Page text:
Establish a buddy check system, where each buddy pair is responsible to help each other out with various things, such as checking for frost injuries during short or long halts, one keeps security while the other gets dressed or removes clothes during a halt and so forth.

Before going out on an operation, you need to perform proper Pre-Combat Checks (PCC) and Pre-Combat Inspections (PCI)– it is too late to discover that your snow shovels do not work, or that your tent is leaking or that your stove is defective when you are out in the field. This is a leadership responsibility and must be followed up.

In the military we use a term called “priority of work” – this defines which tasks should be completed in which order, and sometimes with a time consideration. You should establish a priority of work list for establishing a bivouac area. The first priority is always security. After that you have establishing the tent and bivouac area, conducting maintenance on personal and squad equipment/vehicles, establishing watch lists for both the guard post and stove watch, personnel inspection for overall health but with a focus on cold/frost injuries, reporting in needs for resupply of all classes and so forth. These are all parallel processes, and leaders need to assign tasks directly to personnel. After that, people need to eat and to start going to rest. That is the main reason why you took the time to establish a bivouac, so this needs to be the focus.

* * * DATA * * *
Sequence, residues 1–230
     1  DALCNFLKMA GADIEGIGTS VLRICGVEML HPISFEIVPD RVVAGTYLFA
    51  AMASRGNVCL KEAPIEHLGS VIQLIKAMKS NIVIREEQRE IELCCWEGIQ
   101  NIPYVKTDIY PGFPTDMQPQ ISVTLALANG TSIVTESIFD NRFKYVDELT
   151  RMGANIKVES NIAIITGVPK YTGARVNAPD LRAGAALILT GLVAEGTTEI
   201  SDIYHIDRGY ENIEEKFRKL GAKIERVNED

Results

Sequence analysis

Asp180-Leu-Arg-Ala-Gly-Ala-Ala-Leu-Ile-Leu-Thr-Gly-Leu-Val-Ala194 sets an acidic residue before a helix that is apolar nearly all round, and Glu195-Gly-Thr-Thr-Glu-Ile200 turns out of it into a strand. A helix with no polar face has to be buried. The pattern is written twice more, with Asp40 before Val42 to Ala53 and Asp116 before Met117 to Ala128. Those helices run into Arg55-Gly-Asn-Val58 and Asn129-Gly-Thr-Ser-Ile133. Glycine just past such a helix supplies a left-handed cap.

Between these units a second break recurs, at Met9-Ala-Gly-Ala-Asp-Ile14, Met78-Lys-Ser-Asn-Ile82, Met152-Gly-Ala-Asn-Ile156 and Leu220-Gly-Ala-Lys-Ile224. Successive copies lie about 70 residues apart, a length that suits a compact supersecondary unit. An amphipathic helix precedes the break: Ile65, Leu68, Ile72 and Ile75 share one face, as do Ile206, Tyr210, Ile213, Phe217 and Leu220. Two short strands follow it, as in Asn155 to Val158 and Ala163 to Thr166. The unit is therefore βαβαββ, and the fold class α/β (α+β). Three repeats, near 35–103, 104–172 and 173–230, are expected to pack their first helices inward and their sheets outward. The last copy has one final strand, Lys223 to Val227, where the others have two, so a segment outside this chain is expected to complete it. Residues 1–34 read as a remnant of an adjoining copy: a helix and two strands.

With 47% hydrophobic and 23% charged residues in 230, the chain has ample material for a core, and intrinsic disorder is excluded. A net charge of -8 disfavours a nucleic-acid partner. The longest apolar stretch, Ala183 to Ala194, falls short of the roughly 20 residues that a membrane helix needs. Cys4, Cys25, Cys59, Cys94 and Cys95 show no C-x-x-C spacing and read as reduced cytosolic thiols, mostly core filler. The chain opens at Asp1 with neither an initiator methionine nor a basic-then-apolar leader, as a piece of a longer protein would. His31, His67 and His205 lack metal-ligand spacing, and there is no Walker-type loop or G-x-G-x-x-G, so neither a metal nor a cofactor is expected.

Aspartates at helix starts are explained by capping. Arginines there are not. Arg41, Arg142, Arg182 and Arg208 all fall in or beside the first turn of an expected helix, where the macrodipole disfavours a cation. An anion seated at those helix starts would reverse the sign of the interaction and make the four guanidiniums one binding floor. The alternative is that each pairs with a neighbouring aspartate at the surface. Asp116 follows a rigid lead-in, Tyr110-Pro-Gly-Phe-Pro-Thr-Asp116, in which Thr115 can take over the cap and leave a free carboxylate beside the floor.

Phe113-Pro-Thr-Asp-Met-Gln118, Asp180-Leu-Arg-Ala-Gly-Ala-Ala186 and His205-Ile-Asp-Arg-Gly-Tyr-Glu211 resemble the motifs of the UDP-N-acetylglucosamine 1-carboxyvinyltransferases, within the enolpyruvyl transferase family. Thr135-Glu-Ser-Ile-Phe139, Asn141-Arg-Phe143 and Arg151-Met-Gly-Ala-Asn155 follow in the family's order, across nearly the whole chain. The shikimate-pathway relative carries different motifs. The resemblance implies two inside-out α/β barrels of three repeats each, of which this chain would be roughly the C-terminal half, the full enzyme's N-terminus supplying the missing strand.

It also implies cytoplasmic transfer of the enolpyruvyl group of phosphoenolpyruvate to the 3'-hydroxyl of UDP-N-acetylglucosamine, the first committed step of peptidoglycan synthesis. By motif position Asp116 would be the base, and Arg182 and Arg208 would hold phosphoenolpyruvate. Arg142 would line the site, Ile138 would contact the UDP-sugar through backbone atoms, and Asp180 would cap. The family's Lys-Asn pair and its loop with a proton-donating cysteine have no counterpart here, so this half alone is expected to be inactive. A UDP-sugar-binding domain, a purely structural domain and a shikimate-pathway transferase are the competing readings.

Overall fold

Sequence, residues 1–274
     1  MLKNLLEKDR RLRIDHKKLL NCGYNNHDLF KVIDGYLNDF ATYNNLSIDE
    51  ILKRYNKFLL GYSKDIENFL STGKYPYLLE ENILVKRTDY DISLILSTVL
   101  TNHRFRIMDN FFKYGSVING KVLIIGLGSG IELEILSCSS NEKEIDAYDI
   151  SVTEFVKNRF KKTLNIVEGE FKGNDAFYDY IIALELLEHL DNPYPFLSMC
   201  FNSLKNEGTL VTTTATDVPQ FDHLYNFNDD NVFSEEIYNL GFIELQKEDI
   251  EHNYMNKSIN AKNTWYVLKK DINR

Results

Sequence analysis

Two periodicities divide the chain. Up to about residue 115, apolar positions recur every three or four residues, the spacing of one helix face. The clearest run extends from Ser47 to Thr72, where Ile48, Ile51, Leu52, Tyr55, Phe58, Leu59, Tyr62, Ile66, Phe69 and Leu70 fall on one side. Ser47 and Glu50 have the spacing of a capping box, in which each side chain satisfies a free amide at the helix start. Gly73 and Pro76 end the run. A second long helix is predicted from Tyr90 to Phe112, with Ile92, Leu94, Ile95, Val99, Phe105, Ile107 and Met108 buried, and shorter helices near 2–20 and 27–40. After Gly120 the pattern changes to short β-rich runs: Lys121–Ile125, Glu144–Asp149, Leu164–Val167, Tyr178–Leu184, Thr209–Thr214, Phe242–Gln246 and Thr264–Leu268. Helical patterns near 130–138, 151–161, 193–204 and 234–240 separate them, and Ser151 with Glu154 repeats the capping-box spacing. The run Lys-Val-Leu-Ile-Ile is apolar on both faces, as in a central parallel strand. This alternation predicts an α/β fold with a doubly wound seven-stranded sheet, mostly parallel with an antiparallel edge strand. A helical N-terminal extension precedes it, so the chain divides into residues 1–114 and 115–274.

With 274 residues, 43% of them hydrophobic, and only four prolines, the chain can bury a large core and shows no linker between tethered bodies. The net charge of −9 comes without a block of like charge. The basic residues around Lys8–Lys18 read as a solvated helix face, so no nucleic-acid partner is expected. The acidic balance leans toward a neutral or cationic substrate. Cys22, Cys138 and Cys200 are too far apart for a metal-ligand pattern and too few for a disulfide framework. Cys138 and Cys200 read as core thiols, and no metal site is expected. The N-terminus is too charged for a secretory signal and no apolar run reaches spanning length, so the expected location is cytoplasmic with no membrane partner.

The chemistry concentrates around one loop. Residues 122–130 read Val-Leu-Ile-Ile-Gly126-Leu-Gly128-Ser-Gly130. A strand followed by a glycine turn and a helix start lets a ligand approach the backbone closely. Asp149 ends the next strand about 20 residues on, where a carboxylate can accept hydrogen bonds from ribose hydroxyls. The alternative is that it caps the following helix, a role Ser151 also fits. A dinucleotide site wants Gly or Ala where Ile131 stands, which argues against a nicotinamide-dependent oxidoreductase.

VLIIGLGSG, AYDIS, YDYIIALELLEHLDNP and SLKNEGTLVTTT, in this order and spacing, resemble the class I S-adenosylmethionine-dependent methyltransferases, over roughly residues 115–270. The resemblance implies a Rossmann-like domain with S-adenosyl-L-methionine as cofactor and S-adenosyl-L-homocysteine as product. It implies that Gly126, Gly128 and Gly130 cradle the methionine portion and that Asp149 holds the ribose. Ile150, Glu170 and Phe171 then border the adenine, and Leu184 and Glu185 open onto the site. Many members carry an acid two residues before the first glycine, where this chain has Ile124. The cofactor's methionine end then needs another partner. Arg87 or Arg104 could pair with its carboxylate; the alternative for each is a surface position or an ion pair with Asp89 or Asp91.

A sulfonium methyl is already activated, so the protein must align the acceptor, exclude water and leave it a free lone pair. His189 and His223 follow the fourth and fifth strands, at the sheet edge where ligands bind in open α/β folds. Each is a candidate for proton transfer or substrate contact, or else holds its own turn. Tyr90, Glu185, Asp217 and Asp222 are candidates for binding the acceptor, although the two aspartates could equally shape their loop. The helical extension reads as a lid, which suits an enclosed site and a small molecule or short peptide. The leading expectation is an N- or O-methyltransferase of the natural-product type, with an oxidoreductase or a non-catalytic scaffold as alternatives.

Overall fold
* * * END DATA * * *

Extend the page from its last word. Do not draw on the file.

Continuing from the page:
Hydration and nutrition are two very important aspects in the cold. You should strive to have one hot meal per day. You should also drink small amounts throughout the day, and refill your canteen using snow. No need to gulp down a whole canteen, as you will only piss out what your body can’t take up. People always say drink “tons” of water, but electrolyte balance is the important thing. Avoid diuretics in the field and avoid sugary drinks as they have a negative impact on water uptake. You are more likely to be dehydrated in the cold, as you do not have the same thirst sensation as you do in warmer weather, and you will also experience cold diuresis.  Water will eventually freeze regardless of the container – the best tip I have is to use a bottle with a wide opening and to store it in a pouch upside down. You can also carry under your clothing, on a string around your neck. Not very comfortable but keeps the water from freezing.